Government contracts offer great possibilities to consultants who want to diversify beyond the often-weaker private IT market. However, the bidding process for these contracts can be intense. Once you find the perfect contract, you must understand the process of responding to a request for proposal (RFP). You also need to have a plan of action ready for the second half of the bidding process: the government's response to your submittal.
Here are some tips for knowing what to look for in a complex government RFP and what to do when you hear back so that you can win the contract.
What is an RFP?
A formal RFP typically has four main components:
- Introduction: This details when proposals are due, where to submit them, and who to contact with questions.
- Directions: This section explains what to include in the proposal and how it will be evaluated. It may detail required formats or provide forms.
- Standard text: This gives information about the requestor, such as its purchasing policies, invoicing terms, and other administrative details.
- Statement of work: This is the meat of the RFP: It describes the problem the client wants the contractor to solve. It may describe concrete objectives, vague symptoms, or both.
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Crafting a response
After you find and study an appropriate RFP, you're ready to craft a proposal that outlines your qualifications, your understanding of the client's needs, and how you intend to meet them. As you do this, take care with what you include and how you sell your services with your proposed solution.
Here are the necessary components for a response to an RFP:
Introduction: Extend the second part of the introduction here with the goal of demonstrating your comprehension of the issues. Analyze the requirements established in the RFP and briefly discuss the possible approaches to solving the problem. Finally, explain the approach you propose and why it is the best solution.
Proposed project: Detail exactly how you intend to deliver the solution. Provide the specifics of the implementation and discuss the technology involved.
Experience: Go further into your qualifications, providing your resume, a description of your resources, and a summary of past projects relevant to the proposed solution.
Appendices: If necessary, attach as appendices any material that isn't directly relevant but that supports the proposal. Use flowcharts and graphics where appropriate and include letters of recommendation.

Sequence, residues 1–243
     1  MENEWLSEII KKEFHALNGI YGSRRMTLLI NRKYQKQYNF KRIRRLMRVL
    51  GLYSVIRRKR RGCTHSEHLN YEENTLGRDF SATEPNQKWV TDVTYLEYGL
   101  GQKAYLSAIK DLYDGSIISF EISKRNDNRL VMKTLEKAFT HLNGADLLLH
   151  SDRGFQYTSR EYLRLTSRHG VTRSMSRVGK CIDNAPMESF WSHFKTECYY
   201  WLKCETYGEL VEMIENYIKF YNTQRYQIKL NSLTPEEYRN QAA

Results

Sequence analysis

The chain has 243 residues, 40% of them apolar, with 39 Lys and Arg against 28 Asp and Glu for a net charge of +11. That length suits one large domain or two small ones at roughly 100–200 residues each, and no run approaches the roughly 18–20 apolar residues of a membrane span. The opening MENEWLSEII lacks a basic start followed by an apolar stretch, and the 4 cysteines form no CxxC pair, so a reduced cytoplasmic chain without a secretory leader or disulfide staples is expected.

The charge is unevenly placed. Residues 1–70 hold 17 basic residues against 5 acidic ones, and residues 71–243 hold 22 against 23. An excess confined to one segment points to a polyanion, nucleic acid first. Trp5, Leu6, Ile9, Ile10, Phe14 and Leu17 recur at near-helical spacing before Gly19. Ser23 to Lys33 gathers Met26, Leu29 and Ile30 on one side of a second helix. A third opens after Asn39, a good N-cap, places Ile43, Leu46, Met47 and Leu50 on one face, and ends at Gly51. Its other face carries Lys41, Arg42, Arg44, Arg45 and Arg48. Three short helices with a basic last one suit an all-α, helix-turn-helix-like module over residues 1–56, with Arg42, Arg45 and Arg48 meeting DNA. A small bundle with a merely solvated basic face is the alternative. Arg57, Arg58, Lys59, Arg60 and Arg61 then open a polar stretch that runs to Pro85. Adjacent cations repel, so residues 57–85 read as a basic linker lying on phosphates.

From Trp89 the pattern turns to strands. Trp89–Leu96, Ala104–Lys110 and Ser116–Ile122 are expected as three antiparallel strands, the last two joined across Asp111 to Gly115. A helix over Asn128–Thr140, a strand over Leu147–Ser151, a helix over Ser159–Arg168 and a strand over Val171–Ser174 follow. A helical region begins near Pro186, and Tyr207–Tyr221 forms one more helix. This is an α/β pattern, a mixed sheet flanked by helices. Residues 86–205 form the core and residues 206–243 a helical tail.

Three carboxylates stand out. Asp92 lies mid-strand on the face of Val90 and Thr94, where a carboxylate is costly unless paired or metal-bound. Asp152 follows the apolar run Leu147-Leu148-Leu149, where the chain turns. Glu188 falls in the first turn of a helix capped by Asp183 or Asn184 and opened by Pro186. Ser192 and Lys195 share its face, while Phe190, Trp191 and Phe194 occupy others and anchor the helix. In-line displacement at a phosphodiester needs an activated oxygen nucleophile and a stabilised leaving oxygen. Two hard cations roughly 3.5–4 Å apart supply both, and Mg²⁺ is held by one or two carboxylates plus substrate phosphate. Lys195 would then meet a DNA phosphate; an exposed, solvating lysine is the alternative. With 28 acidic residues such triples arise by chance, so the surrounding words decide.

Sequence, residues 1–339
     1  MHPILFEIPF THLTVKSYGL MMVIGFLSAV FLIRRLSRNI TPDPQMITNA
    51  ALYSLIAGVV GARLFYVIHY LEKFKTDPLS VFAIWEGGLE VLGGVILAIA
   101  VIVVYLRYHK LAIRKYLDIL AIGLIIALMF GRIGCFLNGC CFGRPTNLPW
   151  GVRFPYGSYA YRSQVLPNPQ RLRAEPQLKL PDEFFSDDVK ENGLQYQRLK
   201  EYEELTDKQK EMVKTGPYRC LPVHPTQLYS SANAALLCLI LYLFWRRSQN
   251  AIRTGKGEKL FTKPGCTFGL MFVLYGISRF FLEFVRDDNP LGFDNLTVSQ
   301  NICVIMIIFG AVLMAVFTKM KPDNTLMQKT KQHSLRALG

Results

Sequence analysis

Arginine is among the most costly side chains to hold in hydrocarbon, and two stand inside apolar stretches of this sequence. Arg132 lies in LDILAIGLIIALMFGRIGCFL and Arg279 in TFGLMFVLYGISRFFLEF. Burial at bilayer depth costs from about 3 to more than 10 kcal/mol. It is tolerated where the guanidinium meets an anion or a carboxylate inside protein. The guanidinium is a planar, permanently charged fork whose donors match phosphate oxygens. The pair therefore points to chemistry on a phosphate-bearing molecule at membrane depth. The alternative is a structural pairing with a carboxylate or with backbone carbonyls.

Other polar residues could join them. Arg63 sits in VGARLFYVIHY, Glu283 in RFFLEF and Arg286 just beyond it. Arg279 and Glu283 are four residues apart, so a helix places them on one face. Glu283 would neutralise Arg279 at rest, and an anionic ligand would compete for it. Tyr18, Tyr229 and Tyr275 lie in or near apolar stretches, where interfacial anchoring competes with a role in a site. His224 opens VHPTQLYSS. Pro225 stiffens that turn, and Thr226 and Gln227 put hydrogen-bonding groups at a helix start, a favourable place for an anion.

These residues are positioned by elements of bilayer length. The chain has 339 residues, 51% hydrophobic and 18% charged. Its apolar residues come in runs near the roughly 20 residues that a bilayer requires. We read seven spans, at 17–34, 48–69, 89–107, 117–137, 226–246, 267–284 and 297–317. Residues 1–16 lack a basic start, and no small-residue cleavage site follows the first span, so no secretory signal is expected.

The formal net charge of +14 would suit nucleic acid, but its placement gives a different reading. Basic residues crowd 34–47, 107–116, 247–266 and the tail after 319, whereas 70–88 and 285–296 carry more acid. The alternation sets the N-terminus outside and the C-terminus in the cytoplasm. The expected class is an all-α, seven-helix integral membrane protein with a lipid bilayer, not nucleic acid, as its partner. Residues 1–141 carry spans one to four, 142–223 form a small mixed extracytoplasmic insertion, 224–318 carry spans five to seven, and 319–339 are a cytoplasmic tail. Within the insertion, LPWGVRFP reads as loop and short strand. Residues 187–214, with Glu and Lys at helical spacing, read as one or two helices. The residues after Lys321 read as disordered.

Remember that a typical response will be between 25 and 50 pages. RFPs are often vague and you may want to pitch ideas or plans that go beyond what the RFP asked for. Therefore, identify the most critical needs and make sure you address those. If you find yourself at a loss to explain your solution, it's likely that you need to tweak the solution, not the proposal.
After the proposal
Once this proposal has been submitted, the struggle isn't over. There is still a long road ahead to getting what you want.
One possible situation that may arise before the contract is awarded is that the client may ask for a "best and final offer." This means that the client has probably narrowed the field to a few consultants and is looking for the absolute best deal.
In response to this, the most effective strategy is to pore over the RFP and identify the bells and whistles that the client would like to have but doesn't consider necessities. Then, submit a new cost analysis, along with a revised work plan in the form of a line-item list, showing the client how much you're cutting from the price right next to the services or deliverables he or she will give up. Usually, the client opts for the bells-and-whistles package after all.
Above all else, remember that if you do adjust your price, you need to make sure the client understands why. Never adjust pricing or service details without providing a complete explanation.